Globalization of businesses and companies are fast growing particularly through international joint ventures in order to take advantage of opportunities in the world market. Thus, IJVs proliferated globally. In this study, the IJVs in the oil and gas industry in Russia would be a good case to evaluate in terms of its implications to economic theories of development as well as considering the strategic importance of Russian oil and gas in the present as well as in the future of the world economy.
A strategic alliance is defined as a partnership “between two or more firms which decide they can better pursue their mutual goals by combining their resources – financial, managerial, technological – as well as their existing distinctive competitive advantages” (Blanchard, 2006, p. 7-3). On the other hand, global strategic alliances involve partnerships between two or more companies located across national boundaries and increasingly across industries. Global strategic alliances may also be formed between a company and a foreign government, or among companies and governments (Blanchard, 2006).
A joint venture (JV) thus is a strategic alliance between two or more companies, while an international joint venture (IJV) involves a global strategic alliance between organizations. JVs involve the creation of an independent company by the two or more parent organizations who are the parties to the business agreement. These JVs may be one of two types: Equity strategic alliances, wherein two or more partners have different relative ownership shares (equity percentages) in the new venture. For instance, in a JV involved three parent companies, one may have 50% equity, while the remaining two may have 25% equity each.
These are also called equity joint ventures. Non-equity strategic alliances, wherein agreements are carried out through contract rather than ownership sharing. These are also called contractual joint ventures. Makino and Beamish (1998) identified four distinct forms of IJVs based on the IJV partners’ nationality and equity affiliation. These four types are: 1) IJVs that are formed between affiliated home-country based firms; 2) IJVs that are formed between unaffiliated home-country based firms; 3) IJVs that are formed between home-country based and local firms; and 4) IJVs that are formed between home-country and third-country based firms.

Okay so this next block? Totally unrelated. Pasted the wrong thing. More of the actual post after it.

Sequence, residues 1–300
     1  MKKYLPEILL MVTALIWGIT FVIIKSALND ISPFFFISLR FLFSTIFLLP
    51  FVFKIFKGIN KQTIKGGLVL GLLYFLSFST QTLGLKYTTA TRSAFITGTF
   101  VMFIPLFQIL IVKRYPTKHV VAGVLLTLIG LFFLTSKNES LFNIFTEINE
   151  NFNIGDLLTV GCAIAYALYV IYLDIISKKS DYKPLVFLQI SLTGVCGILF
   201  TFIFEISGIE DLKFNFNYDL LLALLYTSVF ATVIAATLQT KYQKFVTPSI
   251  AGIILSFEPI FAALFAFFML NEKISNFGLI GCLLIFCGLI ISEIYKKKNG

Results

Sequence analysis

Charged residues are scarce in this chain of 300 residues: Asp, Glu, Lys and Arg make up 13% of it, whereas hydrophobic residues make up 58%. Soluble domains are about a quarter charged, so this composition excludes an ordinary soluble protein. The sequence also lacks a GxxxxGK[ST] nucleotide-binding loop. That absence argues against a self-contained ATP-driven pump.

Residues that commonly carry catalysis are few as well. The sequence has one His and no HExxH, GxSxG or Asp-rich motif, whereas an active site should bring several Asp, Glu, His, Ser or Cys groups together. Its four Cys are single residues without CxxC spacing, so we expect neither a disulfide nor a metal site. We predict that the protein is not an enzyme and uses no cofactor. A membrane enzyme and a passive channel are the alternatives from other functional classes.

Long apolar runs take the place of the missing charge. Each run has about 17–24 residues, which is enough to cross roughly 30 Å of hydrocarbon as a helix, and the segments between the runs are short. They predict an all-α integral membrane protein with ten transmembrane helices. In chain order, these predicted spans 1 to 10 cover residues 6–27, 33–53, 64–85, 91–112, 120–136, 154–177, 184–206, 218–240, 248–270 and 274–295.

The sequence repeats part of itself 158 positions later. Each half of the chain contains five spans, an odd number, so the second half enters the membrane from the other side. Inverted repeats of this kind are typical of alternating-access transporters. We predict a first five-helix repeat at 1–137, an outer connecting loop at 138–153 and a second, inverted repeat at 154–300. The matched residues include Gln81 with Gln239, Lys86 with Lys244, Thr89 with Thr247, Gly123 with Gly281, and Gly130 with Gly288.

Each of these different IJV forms differ in terms of incidence, performance, and likelihood for survival (Makino & Beamish, 1998). In his research presentation, Blanchard (2006) outlines the following motivations for global strategic alliances, as executed through IJVs: To avoid import barriers, licensing requirements, and other protectionist legislation. To share the costs and risks of the research and development of new products and processes. To gain access to specific markets. To reduce political risk while making inroads into a new market.
To gain rapid entry into a new or consolidating industry and to take advantage of synergies. Blanchard (2006) presents four significant challenges in implementing global alliances. First, while alliances present a faster and less risky route to globalization, in a highly competitive environment however, it is extremely complex to fashion out global linkages especially where many interconnecting systems are involved. These interconnecting systems form intricate networks, and many alliances fail or end up in a takeover in which one partner swallows the other.
Second, usually the form of governance chosen for multinational firm alliances greatly influences their success, particularly in technologically-intense fields such as computers, pharmaceuticals, and semiconductors. Cross-border partnerships often become a sort of “race to learn” wherein the faster learner later ends up dominating the alliance and practically rewriting its terms. In a real sense, an alliance may actually emerge as a new form of competition between the parent organizations involved (Blanchard, 2006).
Third, cross-border allies often encounter difficulty in collaborating effectively, especially in competitively sensitive areas. This breeds mistrust and secrecy, which undermines the very purpose of the alliance. The difficulty that these organizations deal with is the dual nature of strategic alliances – the benefits of cooperation versus the dangers of introducing new competition through sharing their knowledge and technological skills about their mutual product or manufacturing process (Blanchard, 2006).